How an ex-bartender now earns more than $150,000 working in AI - without a bachelor’s degree

Morgan Smith
Hannah Maruyama earns $US100,000 working in AI without a bachelor degree.
Hannah Maruyama earns $US100,000 working in AI without a bachelor degree. Credit: Instagram

Hannah Maruyama took her first college class when she was 16 — and quickly decided she never wanted to go back.

She enrolled part-time at Georgia Southern University in Savannah as a high school junior at the encouragement of one of her teachers.

“He could tell I was bored in high school, but I didn’t find college much more stimulating, either,” Maruyama, now 29, tells CNBC Make It.

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“I remember thinking, ‘I’m going to go into debt for this?’”

She left Georgia Southern after a couple of semesters.

For a while, Maruyama thought her career options without a college degree would be limited to low-wage jobs or becoming an entrepreneur.

Throughout her 20s she worked as a lifeguard, bartender and even a deckhand on a dolphin-watching boat, never earning more than $US30,000 a year.

Now on the cusp of turning 30, Maruyama is making over $US100,000 ($155,000) working in AI without a bachelor’s degree and coaching 16-to-20-year-olds on how to design their own degree-free careers.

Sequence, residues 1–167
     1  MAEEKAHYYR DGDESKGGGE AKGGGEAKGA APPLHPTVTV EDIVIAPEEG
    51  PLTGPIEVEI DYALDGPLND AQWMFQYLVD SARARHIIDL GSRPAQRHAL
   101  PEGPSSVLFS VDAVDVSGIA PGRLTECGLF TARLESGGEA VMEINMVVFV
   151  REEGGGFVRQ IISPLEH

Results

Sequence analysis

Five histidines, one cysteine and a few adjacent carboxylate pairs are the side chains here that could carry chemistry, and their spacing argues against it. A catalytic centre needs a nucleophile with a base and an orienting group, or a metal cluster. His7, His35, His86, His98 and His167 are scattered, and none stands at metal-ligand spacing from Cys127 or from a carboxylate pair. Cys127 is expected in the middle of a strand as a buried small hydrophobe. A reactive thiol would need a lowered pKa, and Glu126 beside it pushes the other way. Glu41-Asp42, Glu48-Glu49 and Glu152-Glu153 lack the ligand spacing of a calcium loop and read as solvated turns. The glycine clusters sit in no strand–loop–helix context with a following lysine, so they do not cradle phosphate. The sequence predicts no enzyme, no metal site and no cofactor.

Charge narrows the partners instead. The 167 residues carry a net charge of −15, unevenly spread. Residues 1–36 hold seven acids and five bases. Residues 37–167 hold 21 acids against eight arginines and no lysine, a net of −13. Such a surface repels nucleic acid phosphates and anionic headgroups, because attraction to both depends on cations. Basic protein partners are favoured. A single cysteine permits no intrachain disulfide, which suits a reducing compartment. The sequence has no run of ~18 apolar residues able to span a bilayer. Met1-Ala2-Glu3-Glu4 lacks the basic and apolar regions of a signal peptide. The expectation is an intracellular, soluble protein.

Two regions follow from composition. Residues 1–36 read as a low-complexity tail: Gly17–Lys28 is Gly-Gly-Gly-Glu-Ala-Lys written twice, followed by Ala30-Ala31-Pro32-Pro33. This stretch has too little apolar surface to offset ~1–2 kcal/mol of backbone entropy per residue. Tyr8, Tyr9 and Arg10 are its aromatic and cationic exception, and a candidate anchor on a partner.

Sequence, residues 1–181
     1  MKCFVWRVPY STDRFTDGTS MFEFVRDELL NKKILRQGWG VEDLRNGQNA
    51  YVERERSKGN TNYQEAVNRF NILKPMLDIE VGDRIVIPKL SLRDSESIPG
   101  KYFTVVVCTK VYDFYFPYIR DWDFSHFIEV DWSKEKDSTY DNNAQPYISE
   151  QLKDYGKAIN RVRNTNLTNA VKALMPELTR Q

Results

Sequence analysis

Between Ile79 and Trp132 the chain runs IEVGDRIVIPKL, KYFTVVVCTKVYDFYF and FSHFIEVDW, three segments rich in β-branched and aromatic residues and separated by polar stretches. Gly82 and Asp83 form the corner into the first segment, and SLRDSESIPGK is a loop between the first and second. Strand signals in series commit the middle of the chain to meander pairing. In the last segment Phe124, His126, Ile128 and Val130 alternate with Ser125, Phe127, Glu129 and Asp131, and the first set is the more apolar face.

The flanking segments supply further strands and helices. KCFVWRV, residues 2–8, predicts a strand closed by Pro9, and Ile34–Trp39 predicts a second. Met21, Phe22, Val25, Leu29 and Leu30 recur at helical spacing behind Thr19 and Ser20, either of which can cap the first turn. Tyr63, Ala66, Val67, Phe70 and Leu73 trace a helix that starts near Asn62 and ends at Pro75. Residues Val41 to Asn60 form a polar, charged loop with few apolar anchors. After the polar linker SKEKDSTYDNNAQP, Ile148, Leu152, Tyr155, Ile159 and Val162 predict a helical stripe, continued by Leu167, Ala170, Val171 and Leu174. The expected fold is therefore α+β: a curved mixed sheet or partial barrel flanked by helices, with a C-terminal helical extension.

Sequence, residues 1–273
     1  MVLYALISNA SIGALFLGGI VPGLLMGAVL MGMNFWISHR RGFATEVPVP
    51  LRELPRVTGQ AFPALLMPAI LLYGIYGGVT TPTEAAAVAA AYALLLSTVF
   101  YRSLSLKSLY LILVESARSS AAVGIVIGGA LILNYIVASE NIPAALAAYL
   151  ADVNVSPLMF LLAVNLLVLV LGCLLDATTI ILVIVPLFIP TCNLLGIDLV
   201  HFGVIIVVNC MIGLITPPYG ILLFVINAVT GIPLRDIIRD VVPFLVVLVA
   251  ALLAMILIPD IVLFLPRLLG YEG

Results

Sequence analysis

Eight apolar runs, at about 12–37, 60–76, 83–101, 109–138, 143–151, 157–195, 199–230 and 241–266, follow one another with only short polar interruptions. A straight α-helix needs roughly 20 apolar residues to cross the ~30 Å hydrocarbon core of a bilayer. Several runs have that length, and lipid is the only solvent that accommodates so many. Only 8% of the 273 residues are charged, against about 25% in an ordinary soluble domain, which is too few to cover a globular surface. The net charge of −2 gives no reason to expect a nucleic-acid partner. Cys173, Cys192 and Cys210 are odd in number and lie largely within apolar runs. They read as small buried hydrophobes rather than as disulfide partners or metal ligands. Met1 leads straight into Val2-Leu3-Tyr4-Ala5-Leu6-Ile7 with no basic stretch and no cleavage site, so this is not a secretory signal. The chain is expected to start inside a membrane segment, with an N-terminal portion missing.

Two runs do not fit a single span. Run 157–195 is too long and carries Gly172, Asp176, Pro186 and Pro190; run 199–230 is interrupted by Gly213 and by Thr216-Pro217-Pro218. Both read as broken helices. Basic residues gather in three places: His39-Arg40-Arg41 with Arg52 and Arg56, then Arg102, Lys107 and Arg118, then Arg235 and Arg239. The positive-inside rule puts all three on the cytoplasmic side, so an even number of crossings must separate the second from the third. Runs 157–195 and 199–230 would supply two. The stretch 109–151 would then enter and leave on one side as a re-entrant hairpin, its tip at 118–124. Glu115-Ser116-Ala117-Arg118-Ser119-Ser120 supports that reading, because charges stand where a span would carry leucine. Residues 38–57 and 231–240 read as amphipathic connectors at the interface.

Tattooing to tech

In 2018, Maruyama and her husband Ryan moved from Savannah to Honolulu, Hawaii to pursue their childhood dream jobs: becoming a cosmetic tattoo artist and a firefighter.

“I saw a documentary in school about a woman in Saudi Arabia that did cosmetic tattoos for women who had been acid burned and I always thought it was the most amazing thing,” she recalls.

Cosmetic tattoo artists, who need to complete classes and acquire a license, tattoo permanent makeup and can camouflage bald patches and tattoo full scalps to create the appearance of hair.

Maruyama obtained her cosmetic tattoo artist license in 2018 while living in Savannah.

The couple opened their own cosmetic tattoo studio, Yama Studios, in Honolulu at the end of 2018, taking turns running the shop outside their day jobs.

Ryan worked at the Honolulu Fire Department while Maruyama worked full time at a call centre for a tourism company.

Most mornings, she would wake up at 4.30 am and commute to her call centre gig where she’d work from 6 am until 3 pm, come home, and then work at Yama Studios from 5 to 10 pm.

“I loved it, but it was a grind,” Maruyama recalls.

“I’d curl up under my desk at the call centre if I had time before my shift and take a quick nap because I was that tired.”

Hannah Maruyama earns US$100,000 working in AI without a bachelor degree.
Hannah Maruyama earns US$100,000 working in AI without a bachelor degree. Credit: Instagram

Then, the Covid-19 pandemic hit. The Maruyamas had to shut down Yama Studios, and Hannah was furloughed from her job at the call centre, with no definite timeline as to when the job would return.

“At that point, I knew it was time to look for a new job,” she says.

“We had two rents to pay, on our house and the studio, and Hawaii isn’t cheap.”

Most of the open jobs Maruyama saw online were in tech and required skills she had never heard of.

“Comp TIA, AWS, CISSP, all these different acronyms were foreign to me,” she recalls.